No, I think it might succeed because they've got the mission right. They're not trying to lift heavy cargo payloads - which is a daft thing to do with lighter-than-air. Not because it'll carry fare-paying passengers reliably - it won't.

They're designing it as a slow, long-loiter, electronic payload platform. That in my opinion is a viable use of an airship: not unlike the WW1 and WW2 use of airships for hunting submarines. Modern microelectronics make it more possible than ever before.

Historical precedent says that it has a good chance of failing. But, so far as I can see, the thing does actually have a very good chance of succeeding, because they're designing and marketing it for a viable mission that it can deliver on.

On the whole, I think that it's got as good a chance of success as any airshop project ever has, and I really hope that they do.

G
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Old 9th Feb 2016, 15:14
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This was the airship canceled by the USA and sold back to England for less than .1% of it's original reported cost, as in one tenth of one percent. Naturally, batteries were not included. Also know as Northrop Grumman HAV 304 Airlander or Hybrid Air Vehicles HAV-3. There are several videos of it in flight online.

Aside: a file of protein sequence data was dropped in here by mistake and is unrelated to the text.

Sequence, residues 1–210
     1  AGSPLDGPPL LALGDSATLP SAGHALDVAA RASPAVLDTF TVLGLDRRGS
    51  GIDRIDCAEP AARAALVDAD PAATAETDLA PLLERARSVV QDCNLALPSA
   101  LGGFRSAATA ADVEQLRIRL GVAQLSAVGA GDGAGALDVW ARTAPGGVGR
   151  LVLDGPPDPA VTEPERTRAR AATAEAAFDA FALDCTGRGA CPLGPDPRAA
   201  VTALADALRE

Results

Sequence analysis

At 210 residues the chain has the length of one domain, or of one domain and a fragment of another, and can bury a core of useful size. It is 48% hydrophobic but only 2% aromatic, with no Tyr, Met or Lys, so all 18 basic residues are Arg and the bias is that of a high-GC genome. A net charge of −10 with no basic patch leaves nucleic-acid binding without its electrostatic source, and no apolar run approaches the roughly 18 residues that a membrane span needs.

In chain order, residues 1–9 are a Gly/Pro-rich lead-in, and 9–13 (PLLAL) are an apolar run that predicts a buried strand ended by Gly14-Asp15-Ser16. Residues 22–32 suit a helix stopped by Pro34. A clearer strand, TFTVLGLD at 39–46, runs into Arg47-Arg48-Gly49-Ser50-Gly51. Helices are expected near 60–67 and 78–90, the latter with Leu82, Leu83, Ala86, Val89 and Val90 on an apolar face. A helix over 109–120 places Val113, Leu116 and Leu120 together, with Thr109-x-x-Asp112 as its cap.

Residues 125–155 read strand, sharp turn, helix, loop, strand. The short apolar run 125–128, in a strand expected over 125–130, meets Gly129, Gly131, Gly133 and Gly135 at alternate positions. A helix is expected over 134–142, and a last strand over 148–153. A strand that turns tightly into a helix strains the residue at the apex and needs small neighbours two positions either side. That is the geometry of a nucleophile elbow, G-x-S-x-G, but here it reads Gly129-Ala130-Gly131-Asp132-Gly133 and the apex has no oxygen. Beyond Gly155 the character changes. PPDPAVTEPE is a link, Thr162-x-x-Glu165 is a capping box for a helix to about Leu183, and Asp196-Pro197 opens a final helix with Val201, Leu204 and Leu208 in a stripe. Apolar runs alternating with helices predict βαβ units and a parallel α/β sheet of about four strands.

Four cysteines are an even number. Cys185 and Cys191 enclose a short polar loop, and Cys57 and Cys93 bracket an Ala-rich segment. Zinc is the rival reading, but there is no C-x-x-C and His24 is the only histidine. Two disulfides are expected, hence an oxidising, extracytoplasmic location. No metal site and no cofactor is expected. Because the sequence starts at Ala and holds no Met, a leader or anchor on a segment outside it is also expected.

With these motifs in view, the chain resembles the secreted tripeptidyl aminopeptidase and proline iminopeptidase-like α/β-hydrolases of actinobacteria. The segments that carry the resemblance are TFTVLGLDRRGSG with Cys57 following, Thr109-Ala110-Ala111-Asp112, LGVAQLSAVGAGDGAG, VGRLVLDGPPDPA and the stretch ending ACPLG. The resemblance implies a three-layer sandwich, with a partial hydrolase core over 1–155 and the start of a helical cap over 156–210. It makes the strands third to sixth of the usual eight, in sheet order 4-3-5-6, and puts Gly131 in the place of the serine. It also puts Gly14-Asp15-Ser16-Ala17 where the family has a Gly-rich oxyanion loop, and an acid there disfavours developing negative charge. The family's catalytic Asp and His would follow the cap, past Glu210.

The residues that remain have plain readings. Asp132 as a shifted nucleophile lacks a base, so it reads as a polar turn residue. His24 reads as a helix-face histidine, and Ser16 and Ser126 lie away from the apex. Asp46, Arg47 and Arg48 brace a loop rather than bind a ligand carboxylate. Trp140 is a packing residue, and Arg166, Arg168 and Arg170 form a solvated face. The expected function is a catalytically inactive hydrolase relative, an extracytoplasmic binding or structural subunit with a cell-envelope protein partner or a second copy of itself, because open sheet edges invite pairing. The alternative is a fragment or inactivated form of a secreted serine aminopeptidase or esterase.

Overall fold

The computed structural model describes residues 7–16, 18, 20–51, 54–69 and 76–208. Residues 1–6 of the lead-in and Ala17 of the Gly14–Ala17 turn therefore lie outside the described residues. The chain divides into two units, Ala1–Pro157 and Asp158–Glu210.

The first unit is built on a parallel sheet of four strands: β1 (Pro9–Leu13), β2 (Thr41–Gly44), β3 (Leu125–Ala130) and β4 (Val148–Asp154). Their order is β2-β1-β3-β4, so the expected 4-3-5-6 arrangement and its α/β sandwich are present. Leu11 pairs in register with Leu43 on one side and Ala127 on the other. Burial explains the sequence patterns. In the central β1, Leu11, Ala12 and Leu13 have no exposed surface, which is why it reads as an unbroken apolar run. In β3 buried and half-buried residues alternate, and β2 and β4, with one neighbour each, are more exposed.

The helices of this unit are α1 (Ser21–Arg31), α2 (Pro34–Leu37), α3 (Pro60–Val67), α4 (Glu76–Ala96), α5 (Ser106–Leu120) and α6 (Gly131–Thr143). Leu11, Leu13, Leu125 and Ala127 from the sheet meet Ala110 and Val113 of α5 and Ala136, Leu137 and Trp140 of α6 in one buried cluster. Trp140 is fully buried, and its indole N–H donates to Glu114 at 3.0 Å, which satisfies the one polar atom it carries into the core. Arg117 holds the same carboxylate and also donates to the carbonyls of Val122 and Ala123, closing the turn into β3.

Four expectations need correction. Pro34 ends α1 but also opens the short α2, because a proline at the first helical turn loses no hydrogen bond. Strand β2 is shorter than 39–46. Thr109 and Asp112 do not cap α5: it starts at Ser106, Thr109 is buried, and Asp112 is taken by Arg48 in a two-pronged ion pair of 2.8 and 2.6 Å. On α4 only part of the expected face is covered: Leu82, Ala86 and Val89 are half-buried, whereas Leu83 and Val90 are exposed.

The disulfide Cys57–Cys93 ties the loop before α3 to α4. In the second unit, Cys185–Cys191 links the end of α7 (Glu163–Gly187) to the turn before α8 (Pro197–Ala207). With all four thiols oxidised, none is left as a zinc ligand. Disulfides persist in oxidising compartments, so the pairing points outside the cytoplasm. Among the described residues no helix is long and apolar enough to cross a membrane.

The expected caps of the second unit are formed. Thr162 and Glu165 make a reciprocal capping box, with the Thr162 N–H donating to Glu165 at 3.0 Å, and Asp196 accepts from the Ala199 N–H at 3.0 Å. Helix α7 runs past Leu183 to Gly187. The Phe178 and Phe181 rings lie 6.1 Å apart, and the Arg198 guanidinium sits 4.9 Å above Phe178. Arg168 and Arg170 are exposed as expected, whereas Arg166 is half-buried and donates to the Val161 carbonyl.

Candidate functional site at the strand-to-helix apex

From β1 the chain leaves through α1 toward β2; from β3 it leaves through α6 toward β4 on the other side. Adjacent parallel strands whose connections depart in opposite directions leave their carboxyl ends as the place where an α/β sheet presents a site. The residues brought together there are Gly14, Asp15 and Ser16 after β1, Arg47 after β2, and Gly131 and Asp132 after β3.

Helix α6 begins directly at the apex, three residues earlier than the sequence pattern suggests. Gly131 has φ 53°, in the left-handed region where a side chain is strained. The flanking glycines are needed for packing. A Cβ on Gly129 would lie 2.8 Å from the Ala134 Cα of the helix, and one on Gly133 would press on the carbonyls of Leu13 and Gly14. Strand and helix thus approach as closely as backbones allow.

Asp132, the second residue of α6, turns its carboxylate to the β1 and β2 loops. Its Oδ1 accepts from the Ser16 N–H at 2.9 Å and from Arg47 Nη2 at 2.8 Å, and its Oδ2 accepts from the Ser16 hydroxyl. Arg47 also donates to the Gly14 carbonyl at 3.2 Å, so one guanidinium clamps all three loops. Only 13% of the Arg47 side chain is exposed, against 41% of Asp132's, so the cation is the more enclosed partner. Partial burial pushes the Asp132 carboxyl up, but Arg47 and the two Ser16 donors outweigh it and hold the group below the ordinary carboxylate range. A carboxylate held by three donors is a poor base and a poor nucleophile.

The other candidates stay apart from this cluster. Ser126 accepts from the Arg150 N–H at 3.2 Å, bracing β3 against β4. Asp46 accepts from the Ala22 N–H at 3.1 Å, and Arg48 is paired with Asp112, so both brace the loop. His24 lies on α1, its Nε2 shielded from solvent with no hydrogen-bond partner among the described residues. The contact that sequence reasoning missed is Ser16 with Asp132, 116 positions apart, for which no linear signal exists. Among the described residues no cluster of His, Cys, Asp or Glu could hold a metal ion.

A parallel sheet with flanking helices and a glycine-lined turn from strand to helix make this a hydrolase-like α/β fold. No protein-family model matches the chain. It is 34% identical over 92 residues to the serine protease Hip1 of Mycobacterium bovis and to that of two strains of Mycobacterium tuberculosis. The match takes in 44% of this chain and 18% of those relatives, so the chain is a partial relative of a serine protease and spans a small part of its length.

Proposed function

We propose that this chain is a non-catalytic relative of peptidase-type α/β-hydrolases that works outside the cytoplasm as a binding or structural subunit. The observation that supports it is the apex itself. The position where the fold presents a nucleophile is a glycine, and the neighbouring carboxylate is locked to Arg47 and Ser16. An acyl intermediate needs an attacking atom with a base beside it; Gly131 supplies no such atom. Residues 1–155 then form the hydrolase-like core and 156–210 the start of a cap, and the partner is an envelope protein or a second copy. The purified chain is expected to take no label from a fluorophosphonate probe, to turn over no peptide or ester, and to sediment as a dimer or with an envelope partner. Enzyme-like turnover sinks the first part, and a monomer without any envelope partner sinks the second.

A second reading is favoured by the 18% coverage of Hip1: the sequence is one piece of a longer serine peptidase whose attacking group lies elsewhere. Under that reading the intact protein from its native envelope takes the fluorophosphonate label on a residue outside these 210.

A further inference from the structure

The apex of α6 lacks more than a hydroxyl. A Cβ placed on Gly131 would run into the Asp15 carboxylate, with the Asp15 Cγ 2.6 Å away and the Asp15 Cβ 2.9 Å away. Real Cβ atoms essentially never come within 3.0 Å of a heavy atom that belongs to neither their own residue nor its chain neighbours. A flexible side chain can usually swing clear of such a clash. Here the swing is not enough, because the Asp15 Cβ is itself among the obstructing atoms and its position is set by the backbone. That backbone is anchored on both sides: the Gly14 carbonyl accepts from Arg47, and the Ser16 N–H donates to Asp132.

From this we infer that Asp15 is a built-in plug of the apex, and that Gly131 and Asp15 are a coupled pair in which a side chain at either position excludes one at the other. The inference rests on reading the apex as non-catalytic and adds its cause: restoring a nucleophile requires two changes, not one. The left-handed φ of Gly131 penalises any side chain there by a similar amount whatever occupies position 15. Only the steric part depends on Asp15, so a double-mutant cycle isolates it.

https://en.wikipedia.org/wiki/Hybrid_Air_Vehicles_HAV-3
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Old 9th Feb 2016, 15:18
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On the whole, I think that it's got as good a chance of success as any airship project ever has, and I really hope that they do.
Given that millions of dollars of the development costs were absorbed by the US military back in 2010 and the vehicle was 'retained' by the current owners for a 'small sum' they have the resources available now to take it forward.

U.S. Army Orders Huge Airship to Aid Combat Missions

I went to have a look at it in it's hangar a year or so ago, a very enthusiastic team offering a vehicle for long term station keeping.
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Old 9th Feb 2016, 15:37
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Originally Posted by Genghis the Engineer

On the whole, I think that it's got as good a chance of success as any airshop project ever has, and I really hope that they do.

G
It does also have the advantage over previous designs that materials and drive technologies have kept advancing.

The solar films that coat the various high altitude long endurance drones will have obvious uses for such an airship, and the ever reducing weight/power requirements of avionics and sneaky tech will obviously help.
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Old 9th Feb 2016, 15:47
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Originally Posted by Tourist
It does also have the advantage over previous designs that materials and drive technologies have kept advancing.